1st year in distress!!!! I would appreciate your opinions.

landofoo

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Hey guys,

I'm currently a first year pre-med and am in a little distress. I have gotten 2 C+ in gen chem and a C and D in calc. I'm a bit worried about how this will look. I'm trying to improve my work ethic everyday. I'm just in distress about my chances now, even if I make A's from here on out. What do you guys think.

I'm not a URM...but I do have great work experience at a world-renowned hospital in cancer research, which I got a publication out of, and clinical experience.


On another note...I'm thinking about taking O-chem over the summer...what do you guys think? Pros- Cons.
 

194342

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You have great experience at a cancer research facility, you have a publicaton out(....), and you're taking freshman classes AND doing not so hot in them? I'm going to call troll.

I just really need to know what kind of research you did that enabled you to publish (you make it sound like you're the main author) in a world-renowned cancer institute yet you can't get higher than a b in gen chem? Are you a non-trad that somehow does research in cancer with little to no biological science background?!!?
 

yakattack145

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If you make straight A's from this year out, you might be able to pull a 3.7, which would be respectable, especially if you come from a top university. Publication is nice, but it is more like icing on the cake rather than the cake itself, so don't try to rely on that too much. The question is, have you been giving these intro classes your best effort or have you been out doing other activities? If you've put your best foot forward and can only manage C's and D's, then that could be a serious problem since Gen Chem is kid stuff compared to what they throw at you in Orgo.

And taking Orgo over the summer is fine, just be sure not to fall behind or then you'll be in real trouble.
 
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al112987

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What can you honestly do in research without general chemistry? You can't even make buffers...
 
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You have great experience at a cancer research facility, you have a publicaton out(....), and you're taking freshman classes AND doing not so hot in them? I'm going to call troll.

I just really need to know what kind of research you did that enabled you to publish (you make it sound like you're the main author) in a world-renowned cancer institute yet you can't get higher than a b in gen chem? Are you a non-trad that somehow does research in cancer with little to no biological science background?!!?

Seriously, you're published, during your freshman year no less, yet you can't even handle a general science course...
What sort of research did you do anyway
 

Quadratic

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What exactly was your contribution to this publication?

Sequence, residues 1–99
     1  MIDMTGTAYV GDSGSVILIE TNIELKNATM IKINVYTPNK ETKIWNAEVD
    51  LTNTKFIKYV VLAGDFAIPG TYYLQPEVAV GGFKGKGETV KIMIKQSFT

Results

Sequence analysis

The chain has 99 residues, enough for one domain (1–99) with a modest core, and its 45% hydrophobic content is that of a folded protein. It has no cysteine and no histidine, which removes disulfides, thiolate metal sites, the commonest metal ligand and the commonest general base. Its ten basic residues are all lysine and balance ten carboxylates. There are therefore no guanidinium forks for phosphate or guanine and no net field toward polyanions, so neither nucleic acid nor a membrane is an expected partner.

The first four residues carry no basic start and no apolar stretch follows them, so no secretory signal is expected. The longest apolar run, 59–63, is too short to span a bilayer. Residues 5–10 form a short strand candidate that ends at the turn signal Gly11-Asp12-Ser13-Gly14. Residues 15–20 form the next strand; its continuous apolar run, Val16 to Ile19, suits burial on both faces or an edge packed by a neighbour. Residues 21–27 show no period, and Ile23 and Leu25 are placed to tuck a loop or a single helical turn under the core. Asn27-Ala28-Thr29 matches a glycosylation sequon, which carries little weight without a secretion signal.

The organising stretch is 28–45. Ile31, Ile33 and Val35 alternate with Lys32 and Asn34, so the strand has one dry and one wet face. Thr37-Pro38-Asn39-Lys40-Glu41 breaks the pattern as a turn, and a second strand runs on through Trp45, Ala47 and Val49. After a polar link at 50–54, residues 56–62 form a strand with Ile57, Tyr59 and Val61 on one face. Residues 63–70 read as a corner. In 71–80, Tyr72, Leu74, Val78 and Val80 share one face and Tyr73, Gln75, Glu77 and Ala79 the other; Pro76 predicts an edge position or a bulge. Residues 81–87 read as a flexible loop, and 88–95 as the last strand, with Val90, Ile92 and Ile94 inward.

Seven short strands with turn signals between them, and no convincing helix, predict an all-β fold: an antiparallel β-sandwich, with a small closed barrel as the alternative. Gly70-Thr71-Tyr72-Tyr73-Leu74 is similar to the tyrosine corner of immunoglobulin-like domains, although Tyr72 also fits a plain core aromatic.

FTR: Prepping patients doesn't count.
 

russellfx

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Dude that is really horrible.. you got to be kidding me. Change majors and don't waste your time .. unless you just messed around and didnt do the work in which i would say .. either decide to make the committment or not. If your not fully committed, your just going to dig yourself deeper into a hole and waste more time.
 

Zyvox

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Hey guys,

I'm currently a first year pre-med and am in a little distress. I have gotten 2 C+ in gen chem and a C and D in calc. I'm a bit worried about how this will look. I'm trying to improve my work ethic everyday. I'm just in distress about my chances now, even if I make A's from here on out. What do you guys think.

I'm not a URM...but I do have great work experience at a world-renowned hospital in cancer research, which I got a publication out of, and clinical experience.


On another note...I'm thinking about taking O-chem over the summer...what do you guys think? Pros- Cons.


Your only chance is to make a great comeback. Lay off all the extra activities for a year (maybe get one day of clinical experience a week), and completely focus on your grades. If it's hope you need, you can still get into medical school if you get good grades from here on out. Was the D in Calc II? If so I would recommend not "challenging" yourself and maybe even change your major to something more interesting, so you can get that extra padding on the GPA.

I don't think you should take O-Chem over the summer. At this point I would seriously question your study habits and/or time management skills. Take a biology class instead.

Don't get discouraged. Come up to the surface for a few refreshing breaths and then dive right back in.
 

mglavin

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Med school admission committees have a pretty good idea of what they are doing. If you can't manage at least a B average in your normal pre-req course work I wouldn't be worried about getting in somewhere I'd be more worried about just being able to handle the material and volume of the first two years.